What to do here

Click a "Get Template" button to get an email template about a specific issue. Edit the template to connect on a more personal level with your lawmaker. See the Contacting Logistics page for information about how to write an effective email to your lawmakers. Get your lawmakers' emails with the search box to the right. Send the email!

Be sure to check out the Next Steps at the bottom of the page. Go to the References/Further Reading page to see our sources and do some research of your own.

Last updated March 5, 2020



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Legislation Achieved

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Some Progress

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No Progress


Learn about demilitarization and the specific issues below on the Demilitarization page (opens in a new window).


No knock warrants

No Progress:

Montana has not yet enacted a law eliminating the use of no-knock warrants.

1033 purchases

Some Progress;

In 2015, the Montana legislature passed House Bill 330 that prohibits state and local law enforcement from receiving weaponized drones, grenades, etc from a federal militarized surplus by blocking the Federal 1033 program that allocates funds to state and local governments so that they can buy such weapons. However, this law only prohibits the use of federal grants to purchase equipment. State and local funds can still be used.

Military style training

No Progress:

Montana has not yet enacted a law refocusing training away from self-defense responses and towards community centered training like that offered by Blue Courage. Locally, Missoula departments began training officers using the Blue Courage curriculum in 2020.

SWAT data

No Progress:

Montana has not yet enacted a law requiring the recording and cataloging of SWAT team use.

For Profit Policing

Learn about for profit policing and the specific issues below on the For Profit Policing page (opens in a new window).


Civil asset forfeiture

No Progress:

Montana has not yet enacted a law ending civil asset forfeiture. Law enforcement departments may keep up to 100% of the forfeiture gains


No Progress:

Montana has not yet enacted a law ending quotas for low-level arrests.

Cost of misconduct

No Progress:

Montana has not yet enacted a law requiring police departments (not state general funds) to cover the cost of misconduct.

Broken Windows Policing

Learn about broken windows policing and the specific issues below on the Broken Windows Policing page (opens in a new window).


Minor offenses

Some Progress:

Through Ballot Initiative 118 in the Nov 2020 election, Montana legalized marijuana for adults age 21 and older. The Initiative also created a process allowing those serving sentences for marijuana-related offenses to apply for resentencing or expungement. However, many other non-violent offenses remain criminalized.

Objective justification for stops

No Progress:

Montana has not yet enacted a law requiring officers to establish objective justification for making a stop (i.e. not simply for furtive movement, suspicious activity, or matching a generalized description).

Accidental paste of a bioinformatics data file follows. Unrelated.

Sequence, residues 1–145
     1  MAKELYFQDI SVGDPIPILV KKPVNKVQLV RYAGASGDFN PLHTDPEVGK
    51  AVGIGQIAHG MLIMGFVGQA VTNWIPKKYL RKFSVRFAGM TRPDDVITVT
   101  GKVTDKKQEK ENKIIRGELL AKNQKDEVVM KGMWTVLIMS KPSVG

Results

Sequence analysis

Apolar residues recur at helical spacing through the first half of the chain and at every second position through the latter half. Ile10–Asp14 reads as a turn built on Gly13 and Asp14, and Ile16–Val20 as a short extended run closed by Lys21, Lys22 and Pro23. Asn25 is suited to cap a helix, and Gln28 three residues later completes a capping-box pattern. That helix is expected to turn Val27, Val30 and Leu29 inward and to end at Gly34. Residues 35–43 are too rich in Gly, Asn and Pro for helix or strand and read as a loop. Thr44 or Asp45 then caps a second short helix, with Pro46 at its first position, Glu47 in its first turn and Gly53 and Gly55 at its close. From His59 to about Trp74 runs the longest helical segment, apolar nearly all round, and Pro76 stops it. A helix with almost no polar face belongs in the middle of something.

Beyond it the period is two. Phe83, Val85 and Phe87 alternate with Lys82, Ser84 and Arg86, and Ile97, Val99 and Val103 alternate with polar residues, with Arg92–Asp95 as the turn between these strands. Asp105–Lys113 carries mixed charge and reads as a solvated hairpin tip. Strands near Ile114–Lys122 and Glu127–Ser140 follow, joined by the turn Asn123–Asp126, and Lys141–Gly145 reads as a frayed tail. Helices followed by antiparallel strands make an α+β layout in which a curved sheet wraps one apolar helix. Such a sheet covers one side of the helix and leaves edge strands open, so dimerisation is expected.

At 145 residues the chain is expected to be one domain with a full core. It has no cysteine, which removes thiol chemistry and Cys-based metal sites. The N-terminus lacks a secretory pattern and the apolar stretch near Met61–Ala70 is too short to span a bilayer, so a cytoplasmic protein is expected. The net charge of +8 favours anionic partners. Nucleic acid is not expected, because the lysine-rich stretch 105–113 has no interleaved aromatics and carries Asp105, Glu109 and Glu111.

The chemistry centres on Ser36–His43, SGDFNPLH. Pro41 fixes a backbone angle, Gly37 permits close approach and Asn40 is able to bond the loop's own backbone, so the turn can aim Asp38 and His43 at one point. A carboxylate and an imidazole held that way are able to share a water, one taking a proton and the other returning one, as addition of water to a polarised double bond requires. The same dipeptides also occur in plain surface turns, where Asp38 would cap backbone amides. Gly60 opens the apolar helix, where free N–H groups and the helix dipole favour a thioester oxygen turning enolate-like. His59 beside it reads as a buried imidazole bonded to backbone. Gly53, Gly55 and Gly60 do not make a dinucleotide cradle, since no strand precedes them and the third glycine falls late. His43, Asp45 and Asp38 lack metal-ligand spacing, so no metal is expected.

Reporting stop details

Some Progress:

Montana has a use of force data collection portal, but reporting is not mandatory.


Learn about accountability and the specific issues below on the Accountability page (opens in a new window).


Reckless civil rights violation

No Progress:

Montana has not yet enacted a law lowering the prosecution requirement from ‘willful’ to ‘reckless’ deprivation of another’s rights.

Independent investigation

Some Progress:

The Montana Investigations Bureau investigates a broad range of criminal activities, including police misconduct. However, the Bureau only intervenes at the request of local agencies.

Qualified immunity

No Progress:

Montana has not yet enacted a law ending qualified immunity.

Reinvesting in Communities

Learn about reinvesting in communities and the specific issues below on the Reinvesting in Communities page (opens in a new window).


Mental health response

No Progress:

Montana has not yet enacted a law creating and funding a mental health task force available to respond to crisis calls (in lieu of police). Locally, some counties are moving to create co-responder programs. Gallatin County was the first in Montana to try this approach back in July 2019. Flathead County has also procured a 12-month grant to pilot a similar program.

Education, Housing, Community Health Resources

No Progress:

It is important to note that policing does not address the roots of social disadvantage and barriers to (economic) opportunity that often lead to crime. Nor should police be burdened with that responsibility.
Without access to quality resources in healthcare, education, and housing, our cities, neighborhoods, and families will continue to suffer. We should instead reassess the budgets of the state government and reinvest in the services that matter most.

Next Steps

No matter what, register to vote:

Contacting officials is just one piece of the puzzle we can't stop there. We need to make sure our elected officials reflect our values and support reform at every level of government. Register here:

To keep these policies at the forefront:

Keep emailing about them (if you just finished the 5 Days Challenge, keep up the schedule—set reminders in your phone to email about each issue on its specific day).

To ask for more than this:

Use our templates as a model to ask for bigger changes. Color for Change and The Movement for Black Lives both have specific policy related to a reimagined law enforcement system. If you think there are additional policies we ought to consider, send your thoughts our way.

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